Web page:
Wednesday, December 7, 2016

What I've Learned About Culturing Foods

I have been culturing foods for about ten years now, I started with yogurt after reading about the many benefits of yogurt and how easy and healthier it is to make myself, I bought a book and a yogurt maker and culture and started making my first fermented food. I had times when I wasn't making yogurt and times when I was and I noticed the differences in my health. When I was expecting my first child I started to think about nourishing my body, and his, better and I started studying nutrition and new food options to develop my ability to nourish my families bodies. First I started making our bread and then I began throwing out the household and personal care chemicals and changing my cleaning and personal habits. Then I started adding more nutritious foods to our diet. I started making yogurt again, but I also made sauerkraut, and then kombucha, and then milk kefir, and then sourdough, and then water kefir. I love how my life has transformed. Instead of pouring over magazines trying to figure out how to make myself more attractive and spending countless hours at the mall searching for the perfect fitting skirt, I read books and blogs about improving the way I treat my body and I look and feel better as a result. Over the counter cosmetics never made my skin so smooth and dewy after washing, and I may not wear the latest trend, but wearing classic styles suits my simple lifestyle. I struggle with what I call stress-exhaustion, some may call it adrenal fatigue, but I haven't been diagnosed so I'm making my own prognosis. I shake at times, like an old person with Parkinson's disease, and get so wound up about small things at times that I feel like I'm going to explode. (Sensory overload?) I was abused as a small child and again as a young adult and I have learned that it has taken its toll on my nerves. Because I didn't lash out or act out very much, my damage turned inward and I had to do a lot of damage control over the years. As a result, outside stressors have to be kept at a minimal until I can heal. This means silly things like not having the latest boots or bag must be forgotten to make room for toddler tantrums and student loan debt. I'm not gonna lie and tell anyone that three years living this way has completely healed my body, it hasnt, and part of that might be because my family hasnt completely embraced the changes I've made and we still go out to fast food when I've been over-stressed and can't face making dinner and having noses turned up at it again. I haven't lost weight either, I've actually continued to gain it, and I'm still trying to pin-point what is causing it (in other words-is it stress, hormone imbalance, not enough water, too little sleep, too little exercise, too much processed food, too much emotional baggage... Probably all of the above, and I'm working on all of it.) What has happened is, I have felt more energetic, I have felt more upbeat, I have healthier skin, hair and nails, I have stronger teeth and gums, I think more clearly and remember short term better. Most importantly, I am able to play longer and more creatively with my darling son, and give my husband a foot rub or shoulder massage when he comes home without feeling overextended myself. Being there for the people I love most is my top priority and fermented foods help make that possible, so they are pretty important to me.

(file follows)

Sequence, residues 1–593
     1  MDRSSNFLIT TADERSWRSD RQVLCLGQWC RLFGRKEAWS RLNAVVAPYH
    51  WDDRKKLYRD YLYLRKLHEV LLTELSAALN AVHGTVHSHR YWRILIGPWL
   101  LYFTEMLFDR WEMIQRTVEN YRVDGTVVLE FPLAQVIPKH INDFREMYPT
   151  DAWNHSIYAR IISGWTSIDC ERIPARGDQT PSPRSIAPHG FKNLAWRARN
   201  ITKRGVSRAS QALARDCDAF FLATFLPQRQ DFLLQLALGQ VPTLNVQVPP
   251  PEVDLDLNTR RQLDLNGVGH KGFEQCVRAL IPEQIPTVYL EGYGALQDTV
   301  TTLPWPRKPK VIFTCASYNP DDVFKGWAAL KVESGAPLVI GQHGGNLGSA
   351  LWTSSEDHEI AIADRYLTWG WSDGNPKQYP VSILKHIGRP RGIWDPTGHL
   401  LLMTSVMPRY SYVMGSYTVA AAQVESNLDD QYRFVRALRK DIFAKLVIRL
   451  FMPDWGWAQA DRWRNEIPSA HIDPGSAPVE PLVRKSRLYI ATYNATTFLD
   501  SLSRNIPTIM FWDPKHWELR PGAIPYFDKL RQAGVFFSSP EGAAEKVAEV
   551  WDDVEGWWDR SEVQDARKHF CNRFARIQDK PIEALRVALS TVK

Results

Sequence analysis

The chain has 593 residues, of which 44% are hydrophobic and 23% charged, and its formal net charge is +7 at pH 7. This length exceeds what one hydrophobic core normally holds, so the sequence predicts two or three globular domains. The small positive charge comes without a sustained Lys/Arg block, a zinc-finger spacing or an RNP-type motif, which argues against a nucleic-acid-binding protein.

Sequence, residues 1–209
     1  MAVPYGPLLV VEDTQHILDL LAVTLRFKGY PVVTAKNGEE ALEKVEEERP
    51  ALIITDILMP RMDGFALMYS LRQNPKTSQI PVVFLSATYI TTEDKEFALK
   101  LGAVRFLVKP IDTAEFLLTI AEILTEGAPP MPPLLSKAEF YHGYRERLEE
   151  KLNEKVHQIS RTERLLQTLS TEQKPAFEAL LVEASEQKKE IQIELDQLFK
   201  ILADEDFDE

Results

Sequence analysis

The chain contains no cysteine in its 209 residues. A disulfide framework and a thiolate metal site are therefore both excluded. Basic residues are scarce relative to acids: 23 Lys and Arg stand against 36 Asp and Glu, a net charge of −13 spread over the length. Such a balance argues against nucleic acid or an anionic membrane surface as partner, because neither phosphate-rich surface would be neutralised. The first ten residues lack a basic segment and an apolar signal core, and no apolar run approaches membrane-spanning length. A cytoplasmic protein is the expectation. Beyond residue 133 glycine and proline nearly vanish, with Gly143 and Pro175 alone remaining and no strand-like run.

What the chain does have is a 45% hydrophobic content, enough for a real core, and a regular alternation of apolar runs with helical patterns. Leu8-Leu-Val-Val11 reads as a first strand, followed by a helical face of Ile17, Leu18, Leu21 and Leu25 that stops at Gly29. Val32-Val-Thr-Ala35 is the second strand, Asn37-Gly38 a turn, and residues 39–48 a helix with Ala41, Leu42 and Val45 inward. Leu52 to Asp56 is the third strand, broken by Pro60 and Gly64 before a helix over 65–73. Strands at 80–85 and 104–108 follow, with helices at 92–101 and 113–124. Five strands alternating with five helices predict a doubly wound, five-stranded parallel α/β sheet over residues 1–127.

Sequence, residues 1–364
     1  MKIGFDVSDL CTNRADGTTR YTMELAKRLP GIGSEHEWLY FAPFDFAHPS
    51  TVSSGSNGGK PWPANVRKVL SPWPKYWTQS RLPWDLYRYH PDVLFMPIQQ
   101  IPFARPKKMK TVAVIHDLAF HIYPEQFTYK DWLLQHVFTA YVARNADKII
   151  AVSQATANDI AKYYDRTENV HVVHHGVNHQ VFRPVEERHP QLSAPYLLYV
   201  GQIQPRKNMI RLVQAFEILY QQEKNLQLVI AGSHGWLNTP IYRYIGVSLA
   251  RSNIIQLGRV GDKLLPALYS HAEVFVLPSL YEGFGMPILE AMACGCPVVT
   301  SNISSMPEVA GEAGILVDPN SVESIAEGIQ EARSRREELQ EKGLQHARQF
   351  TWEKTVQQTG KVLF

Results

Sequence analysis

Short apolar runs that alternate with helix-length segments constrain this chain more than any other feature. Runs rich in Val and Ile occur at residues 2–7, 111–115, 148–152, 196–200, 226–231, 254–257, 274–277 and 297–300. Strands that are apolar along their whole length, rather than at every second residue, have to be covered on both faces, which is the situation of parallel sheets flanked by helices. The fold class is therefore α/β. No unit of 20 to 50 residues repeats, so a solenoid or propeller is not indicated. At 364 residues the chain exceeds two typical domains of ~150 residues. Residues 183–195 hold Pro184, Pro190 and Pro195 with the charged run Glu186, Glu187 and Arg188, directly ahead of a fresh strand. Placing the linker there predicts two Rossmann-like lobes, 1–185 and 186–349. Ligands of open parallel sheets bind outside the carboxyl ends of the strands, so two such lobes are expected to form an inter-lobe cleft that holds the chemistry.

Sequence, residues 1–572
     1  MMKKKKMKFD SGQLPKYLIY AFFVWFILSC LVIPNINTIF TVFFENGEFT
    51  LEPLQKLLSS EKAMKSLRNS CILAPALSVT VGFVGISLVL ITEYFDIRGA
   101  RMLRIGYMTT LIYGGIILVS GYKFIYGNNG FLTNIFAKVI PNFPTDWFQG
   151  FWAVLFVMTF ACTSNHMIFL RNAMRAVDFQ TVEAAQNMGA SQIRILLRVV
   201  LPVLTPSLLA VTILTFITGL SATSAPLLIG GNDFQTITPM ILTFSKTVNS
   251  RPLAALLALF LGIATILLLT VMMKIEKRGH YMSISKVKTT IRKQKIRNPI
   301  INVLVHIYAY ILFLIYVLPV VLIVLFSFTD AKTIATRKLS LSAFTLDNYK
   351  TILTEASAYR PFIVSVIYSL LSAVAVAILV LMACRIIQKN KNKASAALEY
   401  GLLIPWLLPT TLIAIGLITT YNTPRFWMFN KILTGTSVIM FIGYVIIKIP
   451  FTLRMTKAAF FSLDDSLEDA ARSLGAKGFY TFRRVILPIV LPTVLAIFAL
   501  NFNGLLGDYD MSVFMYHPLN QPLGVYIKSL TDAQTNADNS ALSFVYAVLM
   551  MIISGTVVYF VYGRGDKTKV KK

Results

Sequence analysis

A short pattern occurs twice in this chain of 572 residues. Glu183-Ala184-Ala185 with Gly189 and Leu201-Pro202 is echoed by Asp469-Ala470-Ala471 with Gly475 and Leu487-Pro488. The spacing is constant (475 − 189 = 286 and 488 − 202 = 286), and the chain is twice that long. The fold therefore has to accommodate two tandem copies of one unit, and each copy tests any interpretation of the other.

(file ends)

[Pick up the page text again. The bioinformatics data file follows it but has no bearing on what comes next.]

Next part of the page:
Over time I have learned a few things that others who are just starting may find helpful, so I'd like to share them here:

When Culturing an heirloom variety of yogurt the important thing to remember is to keep your starter going. Mine has to be recultured every seven days to maintain its viability. You can make a much as you want to, as long as you are able to maintain a steading temperature throughout the milk. It also doesn't matter what heat source you use to incubate a yogurt culture as long as it is a reliable and steading source.
When life happens and you only have about a cup of milk when it's time to make yogurt, just make a cup of yogurt to maintain your starter. One can always make more after grocery shopping. Whole milk makes the best tasting yogurt in my opinion and I like that I can buy grass-fed milk and make my own yogurt, which I can drain whey from to ferment vegetables with and then use the thicker yogurt for sour cream in some recipes or as topping for burritos etc. I love that I don't have to buy a whole carton of yogurt along with milk and sour cream and then something is bound to go to waste.

Sourdough or Wild Yeast 
Sourdough or Wild Yeast has been the easiest for me to maintain because it is so forgiving and uses simple, easy to store resources. When I moved most recently, I was so busy and tired I just couldn't bring myself to mess with my starter for two months and it died. When I was ready to start again I just took the 'hunk of dry dough' starter I had put in my freezer as back up. After rehydrating it and feeding it for about a week, I was on my merry bubbly way!